In the wake of an anti-mutant riot in Helixtown—home to the majority of the city’s enhanced activities—the HCIU is called in to investigate a death. There seems to be nothing out of the ordinary about the victim—he was not part of riot, nor is he a mutant. So why exactly was he killed and who did it? Investigation points to a gang member gone rogue, but why is the Street Interdiction Task Force, a team set up to take down the city’s drug gangs, warning the investigators off? This is the set up for ‘Super Squad’, a grimmer scenario in which the investigators have to investigate fellow police officers. This is much harder and grittier scenario than the previous two because as much as the player characters’ suspicions are raised by the Street Interdiction Task Force, its members seem to be in the good graces of their bosses. This may result in the scenario being a scenario being an exercise in frustration, but this is perfectly in keeping with the type of investigation it handling, ending as it does in a big shoot out as the bad guys make their escape.
The last scenario is ‘Cell Division’. It opens with a bit of comedy and small mutant crime before switching to the big time—mutant supremacists mount a terrorist attack at a tourist site in the city. They are fanatical to the point of suicide, but there seems little to go on until the Mutant Revolutionary Front claims responsibility for the attack. Its announcement also promises further attacks, which causes panic and uncertainty across the city. This combined with political pressure leads to a fun scene for the player characters where they have to calm the public under the questions of a television show host! After this comes the second attack, a major scene in the scenario and one drawn from a similar real world event. The fanaticism of the antagonists in this scenario makes this the most challenging scenario in the anthology and whatever the outcome, relationships between mutants and the public are likely to altered forever…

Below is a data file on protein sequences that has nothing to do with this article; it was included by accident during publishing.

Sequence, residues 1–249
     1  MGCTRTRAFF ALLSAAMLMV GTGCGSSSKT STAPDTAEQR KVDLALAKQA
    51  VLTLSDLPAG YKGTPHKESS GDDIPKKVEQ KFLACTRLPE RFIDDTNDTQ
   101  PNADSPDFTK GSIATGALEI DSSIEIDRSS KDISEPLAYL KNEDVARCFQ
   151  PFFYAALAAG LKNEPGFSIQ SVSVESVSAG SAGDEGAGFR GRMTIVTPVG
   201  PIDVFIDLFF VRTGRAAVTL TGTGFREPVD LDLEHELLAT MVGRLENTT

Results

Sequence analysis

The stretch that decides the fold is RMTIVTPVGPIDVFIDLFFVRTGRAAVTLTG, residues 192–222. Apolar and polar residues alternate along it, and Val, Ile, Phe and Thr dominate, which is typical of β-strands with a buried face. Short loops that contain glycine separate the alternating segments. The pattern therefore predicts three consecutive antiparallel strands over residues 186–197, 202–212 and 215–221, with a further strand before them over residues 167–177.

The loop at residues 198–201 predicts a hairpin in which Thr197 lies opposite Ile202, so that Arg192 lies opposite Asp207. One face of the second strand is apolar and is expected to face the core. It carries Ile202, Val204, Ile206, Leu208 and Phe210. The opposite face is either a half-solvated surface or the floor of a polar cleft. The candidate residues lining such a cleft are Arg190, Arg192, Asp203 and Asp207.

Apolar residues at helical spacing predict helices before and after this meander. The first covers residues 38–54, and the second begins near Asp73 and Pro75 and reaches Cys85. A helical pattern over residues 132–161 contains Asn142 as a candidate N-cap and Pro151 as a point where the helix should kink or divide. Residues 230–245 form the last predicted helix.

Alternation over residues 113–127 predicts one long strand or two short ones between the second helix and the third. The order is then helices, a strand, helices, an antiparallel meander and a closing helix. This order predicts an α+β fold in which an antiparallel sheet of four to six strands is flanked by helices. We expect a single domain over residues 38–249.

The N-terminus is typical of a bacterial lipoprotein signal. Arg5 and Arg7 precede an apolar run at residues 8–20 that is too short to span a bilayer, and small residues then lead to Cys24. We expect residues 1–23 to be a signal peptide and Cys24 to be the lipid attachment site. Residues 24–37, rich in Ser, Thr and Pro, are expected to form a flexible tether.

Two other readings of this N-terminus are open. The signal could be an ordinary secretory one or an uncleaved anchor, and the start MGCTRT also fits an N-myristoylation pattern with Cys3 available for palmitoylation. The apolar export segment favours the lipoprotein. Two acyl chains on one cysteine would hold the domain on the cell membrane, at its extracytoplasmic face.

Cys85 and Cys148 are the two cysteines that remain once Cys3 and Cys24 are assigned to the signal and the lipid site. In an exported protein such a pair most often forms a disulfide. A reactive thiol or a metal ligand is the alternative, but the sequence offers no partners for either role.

Physically, Hard Helix is well written and decently presented with some excellent greyscale artwork. Each of the four scenarios comes with a full list of the NPCs involved and included at the end of the book is a summary of the Clues and their values to be found in each of its four scenarios.
One problem with Hard Helix is the setting, or at least the implied setting. This is a city where the police are armed and the criminals have access to heavy firearms. What this means is that these scenarios are easier to place in some cities than others, for example, in the United Kingdom. Of course, Mutant City Blues and these four scenarios are set in the future, so policing could have changed… Perhaps in response to SME?
Hard Helix presents four scenarios that showcase the type of investigations and police stories that can be run in Mutant City Blues. ‘Hard Helix’ is a classic murder mystery, ‘The Vanishers’ feels like an 80s action movie, and both ‘Super Squad’ and ‘Cell Division’ are grittier scenarios of the 90s and 00s. All four involve mutants and superpowers to one degree or another, but at same time they also involve subjects for police investigation—the Mob, the Police themselves, terrorists, and so on. So there is the sense of progression through the themes and elements of genre mash-up that is Mutant City Blues. Ultimately, whilst Hard Helix is a fun quartet, it seems a shame that it was also the last support for Mutant City Blues, itself a fun and engaging twist upon superheroes and the real world.